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US Climate Attitudes Shift Slightly

New York, plunged into mid-day darkness by 2023 Canadian wildfire smoke. ©Aelthemplaer/Wikimedia CC BY-SA 4.0
New York, plunged into mid-day darkness by 2023 Canadian wildfire smoke. ©Aelthemplaer/Wikimedia (CC BY-SA 4.0)

A recent Pew Research Center survey of Americans found that concerns about climate change, though dependent on factors such as age and political affiliation, have declined somewhat in recent years.

The percentage of respondents that stated they personally care “a great deal” about climate change dropped by 7%, from 44% in 2018 to 37% in 2023. Those who said they cared "not at all" increased by 5%, from 22% to 27%, and those who cared “some” rose slightly, 33% to 35% over the same time period, according to Pew poll data.

Concerns about future climate-related issues remain high in 2023, however.

The Pew survey of 8,842 adults, taken between September 25 and October 1, revealed that “63% expect things to get worse in their lifetime.”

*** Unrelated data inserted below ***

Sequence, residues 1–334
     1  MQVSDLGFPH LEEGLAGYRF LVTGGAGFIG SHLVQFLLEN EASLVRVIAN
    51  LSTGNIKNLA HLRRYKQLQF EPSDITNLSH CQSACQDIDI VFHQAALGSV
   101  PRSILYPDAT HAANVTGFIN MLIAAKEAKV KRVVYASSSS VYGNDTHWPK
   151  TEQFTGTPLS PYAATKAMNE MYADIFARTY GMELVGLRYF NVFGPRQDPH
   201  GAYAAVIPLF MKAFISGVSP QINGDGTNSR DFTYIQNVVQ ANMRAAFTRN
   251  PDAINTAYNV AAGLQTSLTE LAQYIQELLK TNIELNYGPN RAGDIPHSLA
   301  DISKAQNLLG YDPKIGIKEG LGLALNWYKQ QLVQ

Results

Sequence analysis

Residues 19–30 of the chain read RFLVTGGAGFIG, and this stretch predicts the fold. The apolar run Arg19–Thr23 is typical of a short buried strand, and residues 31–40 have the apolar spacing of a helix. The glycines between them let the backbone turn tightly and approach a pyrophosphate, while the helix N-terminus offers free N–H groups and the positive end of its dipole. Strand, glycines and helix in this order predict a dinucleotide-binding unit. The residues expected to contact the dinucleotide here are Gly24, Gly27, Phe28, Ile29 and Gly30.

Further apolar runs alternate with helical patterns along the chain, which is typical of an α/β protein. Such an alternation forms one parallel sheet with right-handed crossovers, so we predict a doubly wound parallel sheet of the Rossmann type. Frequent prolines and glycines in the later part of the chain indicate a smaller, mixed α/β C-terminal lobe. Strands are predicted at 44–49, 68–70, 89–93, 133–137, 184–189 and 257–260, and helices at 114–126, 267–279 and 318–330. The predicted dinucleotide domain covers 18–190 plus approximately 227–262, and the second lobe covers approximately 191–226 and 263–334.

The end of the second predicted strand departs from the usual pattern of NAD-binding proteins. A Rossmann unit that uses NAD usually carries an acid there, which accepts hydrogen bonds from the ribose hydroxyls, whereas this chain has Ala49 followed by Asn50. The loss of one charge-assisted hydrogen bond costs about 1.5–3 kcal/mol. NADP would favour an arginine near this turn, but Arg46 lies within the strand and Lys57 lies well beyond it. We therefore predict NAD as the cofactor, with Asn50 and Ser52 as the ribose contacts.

A substantial percentage (43%) of US adults think climate change is already “causing a great deal or quite a bit of harm to people in the U.S.” while another 28% say it is causing “some harm.”

According to National Public Radio and UPI, Pew researcher Alec Tyson said, "The majority of Americans see some fairly severe environmental harms as likely to happen over the next 30 years. For example, 73% say they think a growing number of plant and animal species will go extinct.”

Tyson added that “61% say they think heat waves will cause large numbers of people to die in the U.S. every year and 58% think rising sea levels will force large numbers of people in the U.S. to move away from the coast."

Younger adults are more likely than their elders to expect adverse impacts locally from climate change. According to Pew, “56% of young adults ages 18 to 29 say their local community will be a worse place to live because of climate change in the next 30 years,” whereas about 30% of young adults “do not think climate change will have much of an effect on conditions in their area." 



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